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Resiliency architecture and testing, part 2: Availability


by Stephen Welsh

4 min read

Chase is planning for a significant workload migration of its systems to Amazon Web Services (AWS) over the coming years.

We have the opportunity to not only take advantage of the modern infrastructure with cloud, but also to design well-architected systems once we modernize our applications. But to achieve success with an AWS system and take full advantage of the processes to deliver software to AWS, we will have to align core concepts and definitions with the industry best practices. In this three-part series, I’ll focus on the availability concept of resiliency and the testing of availability through chaos experiments, then discuss how to establish availability requirements and add them to the deployment module in SEAL.

Availability with a Foundation in SEAL

Currently in SEAL (an internal tool), the recovery time objective (RTO) is defined at an application level, and the RTO is assumed for every deployment module of the application. It is used for disaster recovery (DR), site reliability (SR) and availability tests today and is part of our reliability control procedures. However, RTO and availability are defined as solving two completely different problems.

For instance, if you have an application module that is five 9s (as in 99.999%, or just about 100%) with an RTO of two hours, you have an availability zone (AZ) outage where you can honor the five 9s because the application is deployed to multiple AZs. There is no need to leverage the RTO even if it takes days to recover the AZ outage because the application module is highly available. If you have a batch module with the application that is only two 9s, then it may be acceptable to compute in a single AZ since that module is allotted over three days of downtime per year.

Why Configure Availability in SEAL?

Outside of the RTO discussion, we do have some level of success with building highly available designs, test availability, observe availability and validate availability without a true availability requirement in a system of record (SOR). However, we should also acknowledge that HA designs are inconsistent and can be over-architected or under-architected. Tests from the development and operations teams will be inconsistent between apps and environments, and the tests are usually manually run and planned within maintenance windows. Observed progress of tests come in the form of report, which means they may not be enforced, and validation of proof of design and implementation may not match and be difficult to measure consistently.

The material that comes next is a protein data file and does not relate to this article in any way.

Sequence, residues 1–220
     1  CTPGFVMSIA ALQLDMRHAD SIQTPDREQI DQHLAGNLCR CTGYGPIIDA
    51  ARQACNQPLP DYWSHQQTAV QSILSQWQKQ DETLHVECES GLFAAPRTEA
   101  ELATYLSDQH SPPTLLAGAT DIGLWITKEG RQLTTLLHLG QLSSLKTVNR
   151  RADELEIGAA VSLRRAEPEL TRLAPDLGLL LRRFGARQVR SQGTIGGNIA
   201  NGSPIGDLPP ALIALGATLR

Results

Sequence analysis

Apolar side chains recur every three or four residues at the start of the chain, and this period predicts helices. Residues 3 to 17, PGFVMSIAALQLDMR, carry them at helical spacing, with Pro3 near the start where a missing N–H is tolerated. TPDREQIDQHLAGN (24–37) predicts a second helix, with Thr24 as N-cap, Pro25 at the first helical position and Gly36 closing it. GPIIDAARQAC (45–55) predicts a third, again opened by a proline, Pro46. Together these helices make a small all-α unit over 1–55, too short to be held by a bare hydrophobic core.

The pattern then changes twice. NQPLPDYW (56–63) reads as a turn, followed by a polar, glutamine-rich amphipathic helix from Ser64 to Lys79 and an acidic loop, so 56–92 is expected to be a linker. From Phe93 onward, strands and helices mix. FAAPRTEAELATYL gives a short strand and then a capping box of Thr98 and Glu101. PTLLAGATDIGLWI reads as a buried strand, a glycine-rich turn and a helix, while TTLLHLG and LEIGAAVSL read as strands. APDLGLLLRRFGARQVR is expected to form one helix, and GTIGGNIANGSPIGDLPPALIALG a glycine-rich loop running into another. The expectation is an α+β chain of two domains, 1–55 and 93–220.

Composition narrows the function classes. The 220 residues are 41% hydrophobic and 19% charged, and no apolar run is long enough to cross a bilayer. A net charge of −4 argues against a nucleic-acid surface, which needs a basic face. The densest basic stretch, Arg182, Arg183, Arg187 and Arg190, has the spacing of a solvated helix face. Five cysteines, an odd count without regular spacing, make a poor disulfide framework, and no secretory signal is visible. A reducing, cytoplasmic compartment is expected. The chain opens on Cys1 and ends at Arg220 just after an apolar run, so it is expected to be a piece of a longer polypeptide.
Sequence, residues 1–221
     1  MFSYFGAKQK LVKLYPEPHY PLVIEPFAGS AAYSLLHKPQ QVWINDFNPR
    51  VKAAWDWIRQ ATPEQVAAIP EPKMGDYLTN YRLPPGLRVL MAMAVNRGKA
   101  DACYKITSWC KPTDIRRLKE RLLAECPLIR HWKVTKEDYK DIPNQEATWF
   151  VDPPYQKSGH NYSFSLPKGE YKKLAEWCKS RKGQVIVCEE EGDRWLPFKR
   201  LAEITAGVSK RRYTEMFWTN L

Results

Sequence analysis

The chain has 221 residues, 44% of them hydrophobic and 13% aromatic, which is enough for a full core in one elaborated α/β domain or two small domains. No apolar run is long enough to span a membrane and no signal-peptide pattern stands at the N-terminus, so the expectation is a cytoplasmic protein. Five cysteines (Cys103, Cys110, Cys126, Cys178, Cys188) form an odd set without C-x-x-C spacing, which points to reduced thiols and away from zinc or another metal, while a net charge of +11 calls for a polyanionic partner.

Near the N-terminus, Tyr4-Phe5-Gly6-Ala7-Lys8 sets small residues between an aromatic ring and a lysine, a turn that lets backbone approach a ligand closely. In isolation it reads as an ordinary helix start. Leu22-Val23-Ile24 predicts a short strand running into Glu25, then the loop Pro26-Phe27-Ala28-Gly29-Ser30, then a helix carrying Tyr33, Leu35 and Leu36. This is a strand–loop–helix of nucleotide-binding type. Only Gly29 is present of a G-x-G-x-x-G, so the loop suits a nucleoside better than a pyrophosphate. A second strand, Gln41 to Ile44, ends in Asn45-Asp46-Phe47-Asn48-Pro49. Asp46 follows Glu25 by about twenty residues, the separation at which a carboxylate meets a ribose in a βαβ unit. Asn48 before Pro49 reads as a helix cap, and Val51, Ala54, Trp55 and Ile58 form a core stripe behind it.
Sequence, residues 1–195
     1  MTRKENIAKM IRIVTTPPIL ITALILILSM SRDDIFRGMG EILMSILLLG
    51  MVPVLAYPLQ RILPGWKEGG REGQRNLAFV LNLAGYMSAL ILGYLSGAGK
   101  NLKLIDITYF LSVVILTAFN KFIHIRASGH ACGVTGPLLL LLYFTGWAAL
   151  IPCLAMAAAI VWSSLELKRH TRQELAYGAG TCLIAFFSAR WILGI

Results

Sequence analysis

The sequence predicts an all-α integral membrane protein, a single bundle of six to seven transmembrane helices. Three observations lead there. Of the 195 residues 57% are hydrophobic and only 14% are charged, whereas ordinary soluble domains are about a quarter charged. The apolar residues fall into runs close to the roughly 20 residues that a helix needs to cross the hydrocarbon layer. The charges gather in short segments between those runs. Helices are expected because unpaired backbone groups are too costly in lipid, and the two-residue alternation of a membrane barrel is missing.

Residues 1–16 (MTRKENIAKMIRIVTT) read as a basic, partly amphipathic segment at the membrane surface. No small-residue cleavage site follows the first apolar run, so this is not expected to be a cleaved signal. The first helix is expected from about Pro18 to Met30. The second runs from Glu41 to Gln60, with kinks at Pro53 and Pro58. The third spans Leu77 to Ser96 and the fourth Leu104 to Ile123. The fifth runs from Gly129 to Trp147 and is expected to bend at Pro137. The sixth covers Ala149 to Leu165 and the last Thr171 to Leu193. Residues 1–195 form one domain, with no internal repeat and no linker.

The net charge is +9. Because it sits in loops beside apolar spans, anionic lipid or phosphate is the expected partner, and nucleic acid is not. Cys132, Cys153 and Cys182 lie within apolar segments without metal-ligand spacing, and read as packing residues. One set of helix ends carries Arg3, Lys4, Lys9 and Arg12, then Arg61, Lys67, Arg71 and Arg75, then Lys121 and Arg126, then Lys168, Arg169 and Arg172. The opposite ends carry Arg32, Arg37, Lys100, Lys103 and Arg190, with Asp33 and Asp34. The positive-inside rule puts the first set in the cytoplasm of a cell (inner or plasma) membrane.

Here’s what we can gain by having availability expectation requirements in SEAL:

  • Granular service agreements with the business that include cost and recoverability expectations for those services
  • Documentation for all types of measurements and enforcement of resiliency practices
  • Governance of design and testing patterns
  • Signal generation of breach of patterns tied to a controlled procedure
  • Ownership of patterns — product architects for design and SREs for chaos testing

And here’s how establishing the resiliency requirements of a deployable module flow:

There is an upfront cost with setting availability requirements in SEAL, but these costs will establish agreements that create long-term savings, beyond the implementation of SEAL and the updates required to Photon, PtX, AaC, Chaos Test Patterns and JET. Our application teams and business partners will need to be more granular in their agreements of each service, and there may be some testing overhead that is not in place today that teams will need to follow and that the business will need to understand. However, in the long run, the design and test patterns will be consistent, the test will be more automated, audits will be easier and reporting will be much more accurate.

In Part 3, we’ll explain how we established the Permit to X process for verifying and validating a minimum set of requirements before a new application component, module or service can take on customer traffic.